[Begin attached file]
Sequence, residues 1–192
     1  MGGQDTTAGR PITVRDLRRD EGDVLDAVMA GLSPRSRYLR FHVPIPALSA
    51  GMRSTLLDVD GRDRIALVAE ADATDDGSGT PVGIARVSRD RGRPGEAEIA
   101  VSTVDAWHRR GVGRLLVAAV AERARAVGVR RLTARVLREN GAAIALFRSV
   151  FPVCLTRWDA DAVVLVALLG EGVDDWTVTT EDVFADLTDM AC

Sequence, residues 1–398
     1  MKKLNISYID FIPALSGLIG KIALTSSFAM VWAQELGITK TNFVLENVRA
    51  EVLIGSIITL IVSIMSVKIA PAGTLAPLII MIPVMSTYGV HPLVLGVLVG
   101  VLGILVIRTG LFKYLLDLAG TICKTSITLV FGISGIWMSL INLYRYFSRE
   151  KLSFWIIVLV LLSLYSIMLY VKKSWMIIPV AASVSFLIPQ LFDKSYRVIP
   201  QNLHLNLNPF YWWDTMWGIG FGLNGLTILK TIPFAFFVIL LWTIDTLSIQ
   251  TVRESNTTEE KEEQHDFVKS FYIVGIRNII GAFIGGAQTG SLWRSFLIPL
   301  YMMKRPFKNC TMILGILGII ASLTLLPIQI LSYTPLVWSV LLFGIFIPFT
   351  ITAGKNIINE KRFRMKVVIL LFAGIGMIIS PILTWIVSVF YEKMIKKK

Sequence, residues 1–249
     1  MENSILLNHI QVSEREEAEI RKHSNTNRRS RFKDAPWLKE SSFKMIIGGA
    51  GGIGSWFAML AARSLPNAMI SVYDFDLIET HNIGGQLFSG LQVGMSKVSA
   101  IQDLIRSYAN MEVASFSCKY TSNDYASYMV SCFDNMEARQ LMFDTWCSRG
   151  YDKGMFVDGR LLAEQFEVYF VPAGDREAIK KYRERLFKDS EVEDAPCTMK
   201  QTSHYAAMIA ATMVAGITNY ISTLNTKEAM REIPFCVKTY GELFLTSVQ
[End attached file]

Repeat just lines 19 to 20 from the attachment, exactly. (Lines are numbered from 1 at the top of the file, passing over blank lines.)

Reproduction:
   151  YDKGMFVDGR LLAEQFEVYF VPAGDREAIK KYRERLFKDS EVEDAPCTMK
   201  QTSHYAAMIA ATMVAGITNY ISTLNTKEAM REIPFCVKTY GELFLTSVQ